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Amid Accusation On Covid, Donald Trump Now Feels 'differently' About US-China Trade Deal

Amid Covid-19 crisis, President Donald Trump on Tuesday said that he now feels 'differently' about the trade deal he signed with China earlier this year.

Donald Trump

Amid already existing differences between China and the United States over the origin of Covid-19, US President on Tuesday has raised the old bone of contention between the two countries, that is the trade deal. Once dubbed as historic by him, President Donald Trump on Tuesday said that he now feels 'differently' about the trade deal he signed with China earlier this year. While speaking at the White House briefing, Trump said while he accused Beijing of letting coronavirus spread.

"I feel differently now about that deal than I did three months ago, Trump told reporters during a Cabinet meeting at the White House.   We will see what all happens, but it's been a very disappointing situation. Very disappointing thing happened with China because the plague flowed in and that wasn't supposed to happen and it could have been stopped," he said.

He added that he was very excited when the trade deal with China was signed. "But once the virus came in, once the plague, as I called it, came in, I said how did they let that happen? And how come it didn't go into other sections of China? Why did they block it from leaving Wuhan? But they didn't block it from going to the rest of the world, including the United States. Why is that? Beijing doesn't have it. Other places don't have it," he said.

Till Tuesday, over 92,000 Americans have died and 1.5 million tested positive for coronavirus that has globally killed around 320,000 people.  

READ | Trump 'looking to save lives' on ventilator shipments abroad

Trade war & preliminary deal 

In January this year, the US and China had signed a deal to end their months-long trade war. According to the deal, China pledged to boost US imports by $200billion above 2017 levels and strengthen intellectual property rules. In exchange, the US agreed to halve some of the new tariffs it had imposed on Chinese products. While Washington termed it as 'transformative' for the US economy, Beijing had hoped for a 'win-win' situation.agreed to increase its purchase of US goods by USD 200 billion in 2020-2021.  

READ | WHO member countries agree to independent probe of UN agency's COVID-19 response

US- China trade war

The trade war began between the two economies when in 2018 the Trump administration imposed tariffs on more than $360bn (£268bn) of Chinese goods, accusing it of 'unfair trade practices.' China retaliated with tariffs on more than $110bn of US products. Washington delivered four rounds of tariffs from 2018-2019. The most recent was a 15% duty on Chinese imports, from meat to musical instruments. Beijing hit back with tariffs ranging from 5% to 25% on US goods.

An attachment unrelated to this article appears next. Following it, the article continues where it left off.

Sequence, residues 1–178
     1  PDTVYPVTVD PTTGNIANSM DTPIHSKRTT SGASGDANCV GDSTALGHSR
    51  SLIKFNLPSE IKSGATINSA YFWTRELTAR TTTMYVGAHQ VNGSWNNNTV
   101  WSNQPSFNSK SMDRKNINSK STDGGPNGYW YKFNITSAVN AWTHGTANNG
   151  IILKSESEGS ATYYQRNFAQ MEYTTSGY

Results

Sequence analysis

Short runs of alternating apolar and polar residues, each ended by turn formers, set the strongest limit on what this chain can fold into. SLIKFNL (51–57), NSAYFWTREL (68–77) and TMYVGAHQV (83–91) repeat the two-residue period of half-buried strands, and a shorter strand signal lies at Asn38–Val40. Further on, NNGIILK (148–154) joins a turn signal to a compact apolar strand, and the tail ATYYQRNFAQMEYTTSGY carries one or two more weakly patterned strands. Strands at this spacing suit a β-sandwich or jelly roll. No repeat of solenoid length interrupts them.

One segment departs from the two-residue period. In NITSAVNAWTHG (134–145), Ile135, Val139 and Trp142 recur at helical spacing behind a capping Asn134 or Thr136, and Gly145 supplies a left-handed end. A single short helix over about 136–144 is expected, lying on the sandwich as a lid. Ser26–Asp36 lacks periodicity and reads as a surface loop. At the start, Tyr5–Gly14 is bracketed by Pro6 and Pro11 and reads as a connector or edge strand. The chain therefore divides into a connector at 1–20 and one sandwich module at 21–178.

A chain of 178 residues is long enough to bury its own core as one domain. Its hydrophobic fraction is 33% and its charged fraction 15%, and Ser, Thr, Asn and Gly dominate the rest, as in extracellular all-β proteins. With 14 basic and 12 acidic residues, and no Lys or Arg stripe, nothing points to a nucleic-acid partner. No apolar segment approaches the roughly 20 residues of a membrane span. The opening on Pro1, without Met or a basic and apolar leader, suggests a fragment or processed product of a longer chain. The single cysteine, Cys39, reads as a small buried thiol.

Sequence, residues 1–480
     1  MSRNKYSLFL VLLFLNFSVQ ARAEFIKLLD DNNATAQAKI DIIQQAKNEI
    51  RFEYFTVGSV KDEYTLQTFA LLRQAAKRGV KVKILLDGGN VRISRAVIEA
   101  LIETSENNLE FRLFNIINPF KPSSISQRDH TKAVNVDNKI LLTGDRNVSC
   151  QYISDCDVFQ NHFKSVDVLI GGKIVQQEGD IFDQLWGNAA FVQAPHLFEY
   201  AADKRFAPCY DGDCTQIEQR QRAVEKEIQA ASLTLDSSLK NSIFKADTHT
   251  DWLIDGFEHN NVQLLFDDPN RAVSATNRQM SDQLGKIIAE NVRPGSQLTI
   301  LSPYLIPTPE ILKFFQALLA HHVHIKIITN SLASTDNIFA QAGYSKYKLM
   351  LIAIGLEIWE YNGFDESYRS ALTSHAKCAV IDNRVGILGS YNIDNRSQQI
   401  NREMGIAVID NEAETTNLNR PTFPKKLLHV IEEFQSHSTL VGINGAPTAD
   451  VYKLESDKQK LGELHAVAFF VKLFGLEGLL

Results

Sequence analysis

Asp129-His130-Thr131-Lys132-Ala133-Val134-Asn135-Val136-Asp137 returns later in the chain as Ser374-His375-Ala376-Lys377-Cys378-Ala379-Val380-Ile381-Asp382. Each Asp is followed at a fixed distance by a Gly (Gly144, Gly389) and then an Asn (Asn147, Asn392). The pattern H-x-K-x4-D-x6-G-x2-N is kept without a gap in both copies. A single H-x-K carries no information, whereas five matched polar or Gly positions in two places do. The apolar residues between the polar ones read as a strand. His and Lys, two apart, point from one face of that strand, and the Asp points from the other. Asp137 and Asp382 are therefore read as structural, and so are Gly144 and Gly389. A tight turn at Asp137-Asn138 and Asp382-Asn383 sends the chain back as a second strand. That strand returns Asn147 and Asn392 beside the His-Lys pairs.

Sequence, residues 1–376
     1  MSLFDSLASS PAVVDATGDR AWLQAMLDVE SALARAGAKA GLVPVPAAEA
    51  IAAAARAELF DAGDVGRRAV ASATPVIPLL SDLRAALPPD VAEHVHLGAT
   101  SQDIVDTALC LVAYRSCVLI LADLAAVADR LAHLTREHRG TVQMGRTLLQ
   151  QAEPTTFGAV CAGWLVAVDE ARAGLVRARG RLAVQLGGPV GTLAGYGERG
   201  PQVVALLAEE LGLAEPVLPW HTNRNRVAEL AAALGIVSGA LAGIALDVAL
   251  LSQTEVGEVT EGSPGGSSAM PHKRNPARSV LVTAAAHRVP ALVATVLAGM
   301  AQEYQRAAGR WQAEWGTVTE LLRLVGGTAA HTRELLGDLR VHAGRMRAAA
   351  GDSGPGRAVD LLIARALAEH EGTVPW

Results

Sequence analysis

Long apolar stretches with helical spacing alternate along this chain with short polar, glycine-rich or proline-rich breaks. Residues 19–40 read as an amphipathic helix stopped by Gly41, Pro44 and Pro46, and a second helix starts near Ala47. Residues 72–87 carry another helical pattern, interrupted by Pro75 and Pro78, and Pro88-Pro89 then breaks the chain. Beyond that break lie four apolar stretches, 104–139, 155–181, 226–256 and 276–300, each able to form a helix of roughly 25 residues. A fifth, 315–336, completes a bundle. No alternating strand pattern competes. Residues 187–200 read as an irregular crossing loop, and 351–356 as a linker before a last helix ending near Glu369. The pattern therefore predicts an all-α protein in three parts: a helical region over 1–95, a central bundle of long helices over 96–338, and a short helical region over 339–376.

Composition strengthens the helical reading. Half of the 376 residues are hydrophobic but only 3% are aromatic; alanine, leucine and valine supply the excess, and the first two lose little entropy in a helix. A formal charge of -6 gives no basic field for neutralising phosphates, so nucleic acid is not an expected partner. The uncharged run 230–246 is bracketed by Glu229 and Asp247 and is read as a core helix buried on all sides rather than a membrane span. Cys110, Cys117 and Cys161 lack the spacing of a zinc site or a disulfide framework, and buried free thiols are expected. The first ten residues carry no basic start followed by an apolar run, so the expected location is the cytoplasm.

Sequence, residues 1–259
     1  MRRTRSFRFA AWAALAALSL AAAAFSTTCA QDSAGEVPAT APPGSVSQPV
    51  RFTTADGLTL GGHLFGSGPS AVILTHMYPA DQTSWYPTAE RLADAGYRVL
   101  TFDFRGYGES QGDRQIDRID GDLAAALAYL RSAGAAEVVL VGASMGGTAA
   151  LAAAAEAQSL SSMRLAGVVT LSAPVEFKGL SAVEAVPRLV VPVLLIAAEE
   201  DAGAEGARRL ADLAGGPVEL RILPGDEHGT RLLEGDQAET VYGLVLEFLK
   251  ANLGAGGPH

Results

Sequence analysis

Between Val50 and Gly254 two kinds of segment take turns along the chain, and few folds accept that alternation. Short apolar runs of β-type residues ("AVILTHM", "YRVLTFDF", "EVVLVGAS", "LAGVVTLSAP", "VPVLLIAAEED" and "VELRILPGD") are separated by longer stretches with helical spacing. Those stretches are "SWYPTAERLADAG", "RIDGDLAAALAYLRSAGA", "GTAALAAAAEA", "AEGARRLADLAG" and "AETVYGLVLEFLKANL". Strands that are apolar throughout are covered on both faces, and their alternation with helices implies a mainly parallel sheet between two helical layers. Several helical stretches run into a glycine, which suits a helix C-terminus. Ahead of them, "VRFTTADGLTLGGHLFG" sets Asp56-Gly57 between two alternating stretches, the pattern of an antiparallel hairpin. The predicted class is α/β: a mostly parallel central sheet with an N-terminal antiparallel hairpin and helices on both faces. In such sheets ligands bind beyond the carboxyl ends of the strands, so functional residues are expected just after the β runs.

China's recent response on trade deal

Last week, the Chinese Foreign Ministry spokesperson reportedly said that Beijing and Washington should work together to implement their ‘Phase 1’ of the trade deal. The statement by the spokesperson, Zhao Lijian came after Donald Trump said that China is seeking to renegotiate the trade deal, adding that, he is ‘not interested’ in doing so. Trump also said that he wanted to see if Beijing lived up to the deal to massively increase purchases of US goods. 

READ | China, US should work together to implement 'Phase 1' trade deal: Chinese FM spokesperson

China, Covid-19 and WHO

Meanwhile, in a recent development, member states of the WHO have agreed for 'independently' investigate into COVID-19, its origin, and the response of the UN health agency. In the World Health Assembly (WHA), countries adopted a resolution calling for an “impartial, independent and comprehensive evaluation” of the global response of the virus outbreak and an inquiry into the actions of the WHO and “timelines pertaining to the COVID-19 pandemic”. However, China had expressed its reservation against the prob, calling it 'premature'.

READ | Trump to abandon decades-long White House portrait ceremony with Obama: Report

(with PTI inputs)

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